In addition to skipping all the steps of obtaining (and renewing) a visa, it offers another benefit that many of the others lack: It gives you the option to work. Born out of an acute need for skilled labor, due to the country’s huge economic boom, this program requires a mere $5,000 deposit in a Panamanian bank (plus $2,000 for each dependent). In addition applicants must show proof of one of the following:

  • Investment in Panamanian real estate

  • Ownership in a Panamanian corporation

  • Employment by a Panamanian business

This program, introduced in the form of Decree 343,  is offered to residents of 47 countries that have been identified as being “friendly” to Panama and is available to you, your spouse, children under 18 (or between the ages of 18 and 25 if they’re students), and children of any age with disabilities.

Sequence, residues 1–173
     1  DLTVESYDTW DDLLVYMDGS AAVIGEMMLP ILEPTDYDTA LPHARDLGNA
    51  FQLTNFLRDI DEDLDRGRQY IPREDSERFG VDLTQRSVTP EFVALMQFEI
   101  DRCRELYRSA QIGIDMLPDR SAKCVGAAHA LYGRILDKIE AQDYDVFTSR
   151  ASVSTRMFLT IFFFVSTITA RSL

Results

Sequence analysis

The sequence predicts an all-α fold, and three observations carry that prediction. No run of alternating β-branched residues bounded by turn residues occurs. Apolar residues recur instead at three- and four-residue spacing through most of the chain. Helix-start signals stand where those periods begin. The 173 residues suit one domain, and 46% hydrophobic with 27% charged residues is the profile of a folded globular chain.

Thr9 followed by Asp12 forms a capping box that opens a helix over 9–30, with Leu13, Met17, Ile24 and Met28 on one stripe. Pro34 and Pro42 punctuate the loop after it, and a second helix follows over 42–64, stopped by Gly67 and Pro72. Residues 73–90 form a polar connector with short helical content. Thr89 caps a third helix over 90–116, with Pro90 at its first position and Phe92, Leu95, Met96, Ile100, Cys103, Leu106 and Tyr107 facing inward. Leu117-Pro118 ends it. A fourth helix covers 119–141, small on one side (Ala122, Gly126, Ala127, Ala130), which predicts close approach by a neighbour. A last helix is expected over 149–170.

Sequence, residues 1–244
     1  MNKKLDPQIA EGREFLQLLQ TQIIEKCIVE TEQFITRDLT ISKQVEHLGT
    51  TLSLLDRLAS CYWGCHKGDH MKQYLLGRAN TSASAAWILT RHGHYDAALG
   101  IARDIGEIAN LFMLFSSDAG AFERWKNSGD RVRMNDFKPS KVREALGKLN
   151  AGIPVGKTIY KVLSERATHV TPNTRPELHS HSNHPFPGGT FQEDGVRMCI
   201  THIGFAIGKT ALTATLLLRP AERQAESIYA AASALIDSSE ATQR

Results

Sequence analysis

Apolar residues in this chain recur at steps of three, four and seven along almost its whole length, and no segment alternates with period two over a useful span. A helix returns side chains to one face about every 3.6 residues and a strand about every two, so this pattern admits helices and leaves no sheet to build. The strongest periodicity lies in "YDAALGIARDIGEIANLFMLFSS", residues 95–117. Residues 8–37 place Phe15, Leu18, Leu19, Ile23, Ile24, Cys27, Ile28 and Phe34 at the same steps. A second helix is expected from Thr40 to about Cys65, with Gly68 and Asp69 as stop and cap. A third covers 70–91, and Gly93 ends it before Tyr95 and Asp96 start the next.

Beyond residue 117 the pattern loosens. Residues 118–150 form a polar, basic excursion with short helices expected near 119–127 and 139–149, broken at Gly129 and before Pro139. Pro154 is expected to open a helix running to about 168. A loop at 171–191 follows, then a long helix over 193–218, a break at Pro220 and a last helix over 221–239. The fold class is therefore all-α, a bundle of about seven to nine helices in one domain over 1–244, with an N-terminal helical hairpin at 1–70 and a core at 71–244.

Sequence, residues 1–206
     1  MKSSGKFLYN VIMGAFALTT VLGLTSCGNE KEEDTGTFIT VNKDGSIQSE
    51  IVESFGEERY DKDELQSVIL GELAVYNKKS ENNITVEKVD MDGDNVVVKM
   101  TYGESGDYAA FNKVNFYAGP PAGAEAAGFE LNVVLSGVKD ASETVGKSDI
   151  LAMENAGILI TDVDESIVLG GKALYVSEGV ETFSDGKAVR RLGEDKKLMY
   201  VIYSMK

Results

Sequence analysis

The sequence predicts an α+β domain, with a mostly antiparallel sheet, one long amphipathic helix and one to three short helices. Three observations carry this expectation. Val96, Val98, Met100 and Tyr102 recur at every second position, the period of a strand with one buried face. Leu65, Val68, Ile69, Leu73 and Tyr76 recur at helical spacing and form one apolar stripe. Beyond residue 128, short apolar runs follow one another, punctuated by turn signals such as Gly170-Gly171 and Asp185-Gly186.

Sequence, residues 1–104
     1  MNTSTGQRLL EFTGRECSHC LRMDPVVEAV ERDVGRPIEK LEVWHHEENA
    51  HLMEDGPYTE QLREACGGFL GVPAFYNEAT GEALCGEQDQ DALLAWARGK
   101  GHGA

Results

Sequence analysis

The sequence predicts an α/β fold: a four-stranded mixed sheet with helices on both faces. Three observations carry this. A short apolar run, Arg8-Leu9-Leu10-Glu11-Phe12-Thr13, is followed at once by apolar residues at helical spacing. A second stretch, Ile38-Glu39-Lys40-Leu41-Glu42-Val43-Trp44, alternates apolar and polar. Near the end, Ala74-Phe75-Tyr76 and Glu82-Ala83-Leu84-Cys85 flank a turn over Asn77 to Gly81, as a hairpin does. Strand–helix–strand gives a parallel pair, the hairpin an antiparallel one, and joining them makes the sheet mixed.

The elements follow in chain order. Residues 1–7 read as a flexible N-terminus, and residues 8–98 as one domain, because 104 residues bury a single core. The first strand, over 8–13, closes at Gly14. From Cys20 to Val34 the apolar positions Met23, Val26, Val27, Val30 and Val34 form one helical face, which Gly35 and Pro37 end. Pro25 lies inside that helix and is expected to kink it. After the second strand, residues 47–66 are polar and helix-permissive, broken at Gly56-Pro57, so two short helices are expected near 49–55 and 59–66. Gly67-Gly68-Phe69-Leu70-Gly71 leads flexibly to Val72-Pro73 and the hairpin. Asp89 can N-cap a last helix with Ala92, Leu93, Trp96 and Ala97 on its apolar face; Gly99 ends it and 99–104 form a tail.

No renewals are needed since this program grants immediate residency, and those who take advantage of this option are also able to apply for citizenship.

Given the simplicity of opening a Panama Corporation or investment in Panama real estate, this visa has become one of the most popular.

Accelerated Permanent Residency for Professionals

Another piece of legislation that’s hot off the presses is Decree 229, which changes the amount of time a person must work in Panama before becoming a permanent resident. Historically, those in Panama on a work permit could apply for permanent residency after a period of seven years.